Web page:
This issue of other people using one’s property rights has long existed with physical property. If you’re neighbor doesn’t wish to keep the music or odor or pollution he produces on his property, which is usually the case, he exports onto other people’s property. Causing an earthquake on someone else’s property is not an issue of bargaining over conflicting property rights, its taking someone else’s property rights away. Ditto placing toxic fumes on other people’s land. Because the party producing those fumes only has the right to place those fumes on its own property, not to someone else’s. If the music one neighbor produces crosses the boundary onto property someone else is paying for, the producer of that music is trespassing.

Sure, to some degree, everyone produces externalities, but the question is, how big can the externalities be before they must be regulated? As laws cease to be enforced, the government’s footprint diminishes and we move closer and closer to a libertarian society. And the sad truth is, what libertarians haven’t thought through and realized is that such a society is one where individuals have to spend a lot of resources keeping other people from taking their property. And its a society where we are all poorer. All of us, even the captains of industry. How much work would Howard Roark do, how productive would Dagny Taggart be, how much use for life would John Galt himself have if their respective neighbors decided to build a nuclear reactor and dispense with any effort to contain the radiation from crossing property lines?

PS. The call came from this number: 972-280-7286

(Dan here…minor grammatical corrections made for flow.)

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Ron Paul Challenges Liberals – or Maybe Not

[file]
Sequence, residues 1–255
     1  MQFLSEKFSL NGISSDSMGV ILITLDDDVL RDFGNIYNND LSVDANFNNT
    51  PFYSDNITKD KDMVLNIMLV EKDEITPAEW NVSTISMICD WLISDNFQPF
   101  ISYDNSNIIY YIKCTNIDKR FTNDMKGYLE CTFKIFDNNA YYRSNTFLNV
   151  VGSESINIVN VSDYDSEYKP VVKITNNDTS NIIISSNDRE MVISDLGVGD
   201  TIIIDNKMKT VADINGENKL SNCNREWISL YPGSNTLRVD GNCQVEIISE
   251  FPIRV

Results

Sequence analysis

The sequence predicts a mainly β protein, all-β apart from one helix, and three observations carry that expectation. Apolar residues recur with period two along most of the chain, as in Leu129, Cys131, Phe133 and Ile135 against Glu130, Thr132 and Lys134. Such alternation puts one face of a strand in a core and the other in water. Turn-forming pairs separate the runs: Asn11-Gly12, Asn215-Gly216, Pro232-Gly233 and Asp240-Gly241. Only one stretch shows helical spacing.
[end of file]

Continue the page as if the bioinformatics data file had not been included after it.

Matt Stoller, the former Senior Policy Advisor to Rep. Alan Grayson and a fellow at the Roosevelt Institute has a couple of very interesting articles posted at Naked Capitalism,  Why Ron Paul Challenges Liberals, and the follow-up, Naked Capitalism, “A Home for All Sorts of Bircher Nonsense”

These are thought-provoking, in many ways insightful, and strike me as required reading, for a variety of reasons, including some valuable historical insights.  However, one thought they provoke from me is that the main thesis is spectacularly wrong-headed.  Stollar talks about what a great ally Paul’s staff was, when working on certain issues.  I should say, “when working against certain issues” or things, like war and the unfettered evil workings of the Federal Reserve.  The correct vocabulary is worth emphasizing.  Liberals and Libertarians may find common ground in what they are against, but it is quite unlikely that they will ever find anything substantial that they both are for.

Stollar goes on to point out what he calls “a big problem” with liberalism.  This is the mixture of two elements, support for federal power and the anti-war sentiment that arose with Viet Nam and has continued though today.  In the same paragraph, Stollar says, “Liberalism doesn’t really exist much within the Democratic Party so much anymore.”  This is an important thought, but he doesn’t pursue it, and as he goes on seems to conflate Democrats with Liberals, as suits his convenience.  In the final paragraph of the first post he refers to: “a completely hollow liberal intellectual apparatus arguing for increasing the power of corporations through the Federal government to enact their agenda.”  Seriously, WTF?  I have absolutely no idea what the hell that is supposed to mean.